The Importance of Using Academic Style

As with all kinds of writing—from business to scholarship—the professionalism of a document is important to the acceptance of your research and conclusions. Because research writing at the graduate level is training for publishing in your field, you need to pay attention to issues of academic style, which includes language usage, document format, and attributing (citing) sources.

Language Usage and Document Style

Language usage—from vocabulary to appropriate tone and voice—is often learned informally by reading the publications in key journals or books in your field, or through feedback by your professors.

Explanations for document format, including citing formats, can be found in the standardized style manual used in your field.  You’ll need to determine which style guide is used by your academic discipline.  For example, MLA (Modern Language Association) style is used in English, and sometimes linguistics and history. History usually uses Chicago style or one of its variations, such as Turabian’s A Manual for Writers of Term Papers, Theses and Dissertations. APA (American Psychological Association) style is used by most social sciences and psychology. 

The writing conventions within styles can vary greatly. For example, psychology journals use APA style, which requires a thesis statement, but some fields don’t require a thesis. It’s important to check with your instructors on which style they prefer; when submitting a paper to a journal, ask the publisher to confirm which style they prefer if it’s not clear from reading.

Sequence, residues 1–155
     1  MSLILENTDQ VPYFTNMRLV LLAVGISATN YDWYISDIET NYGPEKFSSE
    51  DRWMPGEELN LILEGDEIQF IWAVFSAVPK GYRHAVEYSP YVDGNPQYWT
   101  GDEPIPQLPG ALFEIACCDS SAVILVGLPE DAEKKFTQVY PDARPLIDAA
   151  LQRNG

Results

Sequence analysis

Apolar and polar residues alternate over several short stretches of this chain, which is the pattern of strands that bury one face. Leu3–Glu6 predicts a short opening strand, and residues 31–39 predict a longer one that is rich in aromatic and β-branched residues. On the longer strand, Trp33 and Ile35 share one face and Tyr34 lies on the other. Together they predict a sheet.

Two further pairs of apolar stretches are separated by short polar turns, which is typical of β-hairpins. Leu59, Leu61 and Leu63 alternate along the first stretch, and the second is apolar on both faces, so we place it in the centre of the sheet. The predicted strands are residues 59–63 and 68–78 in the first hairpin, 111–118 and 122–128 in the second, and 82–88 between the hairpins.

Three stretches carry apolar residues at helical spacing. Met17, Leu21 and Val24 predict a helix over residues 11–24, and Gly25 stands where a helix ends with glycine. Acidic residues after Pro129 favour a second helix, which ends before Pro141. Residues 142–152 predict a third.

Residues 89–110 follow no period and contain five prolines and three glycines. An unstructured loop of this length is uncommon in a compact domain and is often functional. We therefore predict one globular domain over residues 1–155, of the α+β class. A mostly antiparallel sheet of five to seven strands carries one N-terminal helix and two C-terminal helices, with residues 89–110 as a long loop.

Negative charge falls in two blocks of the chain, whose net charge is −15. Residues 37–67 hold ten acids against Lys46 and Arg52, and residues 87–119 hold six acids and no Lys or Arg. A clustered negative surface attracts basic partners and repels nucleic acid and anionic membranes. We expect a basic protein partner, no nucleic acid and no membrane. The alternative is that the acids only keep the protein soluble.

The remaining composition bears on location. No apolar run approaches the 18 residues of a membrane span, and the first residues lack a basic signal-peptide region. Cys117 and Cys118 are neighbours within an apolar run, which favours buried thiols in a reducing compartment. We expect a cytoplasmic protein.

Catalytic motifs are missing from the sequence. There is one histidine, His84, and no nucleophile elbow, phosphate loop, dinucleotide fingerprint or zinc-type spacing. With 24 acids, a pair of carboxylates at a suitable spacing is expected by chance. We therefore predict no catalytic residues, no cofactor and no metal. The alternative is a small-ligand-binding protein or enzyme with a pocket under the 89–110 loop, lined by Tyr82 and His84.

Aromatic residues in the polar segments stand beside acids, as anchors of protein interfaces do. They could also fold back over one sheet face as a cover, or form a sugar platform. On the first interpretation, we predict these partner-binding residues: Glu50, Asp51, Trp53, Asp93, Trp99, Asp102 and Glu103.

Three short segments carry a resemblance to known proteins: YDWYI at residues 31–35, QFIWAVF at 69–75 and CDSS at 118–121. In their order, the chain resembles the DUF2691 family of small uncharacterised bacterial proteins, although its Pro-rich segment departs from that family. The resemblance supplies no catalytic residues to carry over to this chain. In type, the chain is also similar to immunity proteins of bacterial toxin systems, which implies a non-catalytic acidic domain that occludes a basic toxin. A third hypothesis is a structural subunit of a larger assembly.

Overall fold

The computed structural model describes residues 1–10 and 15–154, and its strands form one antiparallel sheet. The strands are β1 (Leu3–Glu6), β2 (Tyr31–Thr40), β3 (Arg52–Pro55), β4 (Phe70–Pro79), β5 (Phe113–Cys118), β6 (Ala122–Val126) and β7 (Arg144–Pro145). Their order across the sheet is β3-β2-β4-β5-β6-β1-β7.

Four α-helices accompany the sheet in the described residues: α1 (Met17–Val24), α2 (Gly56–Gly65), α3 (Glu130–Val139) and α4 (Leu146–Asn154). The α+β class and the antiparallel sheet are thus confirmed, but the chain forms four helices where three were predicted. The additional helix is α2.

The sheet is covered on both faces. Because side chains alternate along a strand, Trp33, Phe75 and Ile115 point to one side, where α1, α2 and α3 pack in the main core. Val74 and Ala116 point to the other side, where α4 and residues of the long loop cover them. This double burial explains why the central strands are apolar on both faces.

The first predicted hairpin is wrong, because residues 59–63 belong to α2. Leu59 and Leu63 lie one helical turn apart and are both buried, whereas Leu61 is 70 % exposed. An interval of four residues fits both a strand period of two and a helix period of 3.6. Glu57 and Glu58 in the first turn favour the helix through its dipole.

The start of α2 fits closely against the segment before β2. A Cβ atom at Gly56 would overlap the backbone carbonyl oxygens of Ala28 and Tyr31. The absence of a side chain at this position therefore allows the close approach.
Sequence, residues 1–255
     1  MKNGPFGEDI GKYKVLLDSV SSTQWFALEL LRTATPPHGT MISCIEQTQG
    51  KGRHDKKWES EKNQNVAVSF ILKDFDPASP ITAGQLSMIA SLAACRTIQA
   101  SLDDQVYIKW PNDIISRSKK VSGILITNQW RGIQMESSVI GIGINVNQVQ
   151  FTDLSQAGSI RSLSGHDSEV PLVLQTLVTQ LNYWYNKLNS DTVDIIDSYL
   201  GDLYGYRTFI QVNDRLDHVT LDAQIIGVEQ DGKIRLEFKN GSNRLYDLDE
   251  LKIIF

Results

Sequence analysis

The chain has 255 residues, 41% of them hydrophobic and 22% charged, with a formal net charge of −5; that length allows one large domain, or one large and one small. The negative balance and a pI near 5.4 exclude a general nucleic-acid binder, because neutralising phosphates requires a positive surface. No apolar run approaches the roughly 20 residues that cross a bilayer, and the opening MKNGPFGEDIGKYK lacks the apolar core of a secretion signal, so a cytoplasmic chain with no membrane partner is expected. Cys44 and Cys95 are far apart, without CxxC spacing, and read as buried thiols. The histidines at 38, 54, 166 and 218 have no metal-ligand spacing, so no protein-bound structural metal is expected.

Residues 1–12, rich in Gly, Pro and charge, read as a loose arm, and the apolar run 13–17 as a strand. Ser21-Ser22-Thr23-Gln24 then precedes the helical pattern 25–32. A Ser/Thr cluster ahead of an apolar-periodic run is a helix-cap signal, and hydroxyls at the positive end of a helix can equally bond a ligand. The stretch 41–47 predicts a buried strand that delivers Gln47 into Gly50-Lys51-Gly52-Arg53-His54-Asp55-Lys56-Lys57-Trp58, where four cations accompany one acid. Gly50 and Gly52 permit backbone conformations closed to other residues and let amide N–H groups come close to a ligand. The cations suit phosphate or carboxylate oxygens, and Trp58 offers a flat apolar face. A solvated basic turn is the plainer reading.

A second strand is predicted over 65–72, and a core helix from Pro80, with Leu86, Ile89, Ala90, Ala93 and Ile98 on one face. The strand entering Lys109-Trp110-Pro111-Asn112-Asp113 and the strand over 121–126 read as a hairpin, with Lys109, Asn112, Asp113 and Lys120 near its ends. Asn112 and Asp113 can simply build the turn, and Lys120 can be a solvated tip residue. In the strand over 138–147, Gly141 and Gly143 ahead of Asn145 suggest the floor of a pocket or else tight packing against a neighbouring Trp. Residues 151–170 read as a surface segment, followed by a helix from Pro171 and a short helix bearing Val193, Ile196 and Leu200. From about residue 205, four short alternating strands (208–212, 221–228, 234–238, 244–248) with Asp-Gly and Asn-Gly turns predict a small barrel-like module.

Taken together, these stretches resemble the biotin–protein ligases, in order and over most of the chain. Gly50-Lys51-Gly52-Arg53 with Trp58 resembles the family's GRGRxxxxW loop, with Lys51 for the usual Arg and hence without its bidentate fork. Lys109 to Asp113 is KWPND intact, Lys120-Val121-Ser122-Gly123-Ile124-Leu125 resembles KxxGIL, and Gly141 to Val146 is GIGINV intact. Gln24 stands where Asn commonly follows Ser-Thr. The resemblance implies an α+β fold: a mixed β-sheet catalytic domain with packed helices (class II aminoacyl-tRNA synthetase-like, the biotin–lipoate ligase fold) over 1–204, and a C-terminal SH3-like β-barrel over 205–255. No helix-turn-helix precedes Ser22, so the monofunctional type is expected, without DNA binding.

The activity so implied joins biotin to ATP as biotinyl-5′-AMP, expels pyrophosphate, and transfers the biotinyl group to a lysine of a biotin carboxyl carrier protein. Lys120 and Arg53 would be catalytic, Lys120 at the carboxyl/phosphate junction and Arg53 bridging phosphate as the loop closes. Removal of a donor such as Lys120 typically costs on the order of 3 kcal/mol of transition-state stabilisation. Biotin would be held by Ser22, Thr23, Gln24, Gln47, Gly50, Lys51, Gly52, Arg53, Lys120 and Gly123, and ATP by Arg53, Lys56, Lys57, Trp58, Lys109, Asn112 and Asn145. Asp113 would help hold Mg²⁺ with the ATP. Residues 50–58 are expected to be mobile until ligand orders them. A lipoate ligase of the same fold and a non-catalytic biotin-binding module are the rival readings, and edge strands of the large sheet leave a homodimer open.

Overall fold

Citation Style

Every quote, paraphrase, and summary of sources informing your writing must be given attribution. You’ll need to refer to the appropriate style manual for your field to know when you must cite sources, how to cite them in your paper (for example, using footnotes or parenthetical format), and how to format your bibliography or works cited page (for example, APA requires a bibliography page, while MLA requires a works cited page). While citing every source can seem like a tedious detail, it’s a crucial part of proving your claim to your peers. Thorough citations establish your credibility by

  • demonstrating your expertise via the breadth and depth of your research,
  • presenting accepted scholarship to support your ideas, and
  • providing the means for others to verify your research.

Also, by including the different voices in your field’s discussion of your subject, your research can help your peers continue to build upon your research and ideas.

Common Myths about Citation

One myth about citing sources is that it’s always best to quote—and the more quotes the better. Because the goal of graduate-level work is to bring your idea(s) to the forefront of your paper—with the research acting to inform and support your ideas—most fields discourage excessive direct source quotations. Most prefer that information be paraphrased (that is, the source material should be restated using your own words). When paraphrasing, aim to represent the basic gist of your sources, using direct quotations briefly and infrequently.

Another common myth is that paraphrasing and summarized materials need not be cited. You must always attribute your source materials, even if it’s not a direct quote, unless the information is considered common knowledge to your field. What constitutes common knowledge varies by field, however, so refer to the appropriate style manual to learn when to cite, as well as how.